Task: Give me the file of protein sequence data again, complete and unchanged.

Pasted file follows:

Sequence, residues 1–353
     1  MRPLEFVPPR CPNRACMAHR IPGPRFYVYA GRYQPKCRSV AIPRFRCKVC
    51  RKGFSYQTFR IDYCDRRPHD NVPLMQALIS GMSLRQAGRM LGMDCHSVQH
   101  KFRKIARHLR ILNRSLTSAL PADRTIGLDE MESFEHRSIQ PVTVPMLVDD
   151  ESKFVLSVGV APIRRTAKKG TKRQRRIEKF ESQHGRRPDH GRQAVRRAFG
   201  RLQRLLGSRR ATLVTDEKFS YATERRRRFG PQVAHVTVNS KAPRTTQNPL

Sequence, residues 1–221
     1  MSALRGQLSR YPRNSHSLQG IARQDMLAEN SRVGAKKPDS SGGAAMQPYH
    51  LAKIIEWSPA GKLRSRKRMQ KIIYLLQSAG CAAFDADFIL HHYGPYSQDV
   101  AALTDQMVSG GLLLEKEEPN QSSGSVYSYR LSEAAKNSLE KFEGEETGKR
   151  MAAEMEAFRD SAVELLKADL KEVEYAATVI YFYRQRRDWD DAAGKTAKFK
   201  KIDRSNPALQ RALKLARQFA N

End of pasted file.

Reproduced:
Sequence, residues 1–353
     1  MRPLEFVPPR CPNRACMAHR IPGPRFYVYA GRYQPKCRSV AIPRFRCKVC
    51  RKGFSYQTFR IDYCDRRPHD NVPLMQALIS GMSLRQAGRM LGMDCHSVQH
   101  KFRKIARHLR ILNRSLTSAL PADRTIGLDE MESFEHRSIQ PVTVPMLVDD
   151  ESKFVLSVGV APIRRTAKKG TKRQRRIEKF ESQHGRRPDH GRQAVRRAFG
   201  RLQRLLGSRR ATLVTDEKFS YATERRRRFG PQVAHVTVNS KAPRTTQNPL

Sequence, residues 1–221
     1  MSALRGQLSR YPRNSHSLQG IARQDMLAEN SRVGAKKPDS SGGAAMQPYH
    51  LAKIIEWSPA GKLRSRKRMQ KIIYLLQSAG CAAFDADFIL HHYGPYSQDV
   101  AALTDQMVSG GLLLEKEEPN QSSGSVYSYR LSEAAKNSLE KFEGEETGKR
   151  MAAEMEAFRD SAVELLKADL KEVEYAATVI YFYRQRRDWD DAAGKTAKFK
   201  KIDRSNPALQ RALKLARQFA N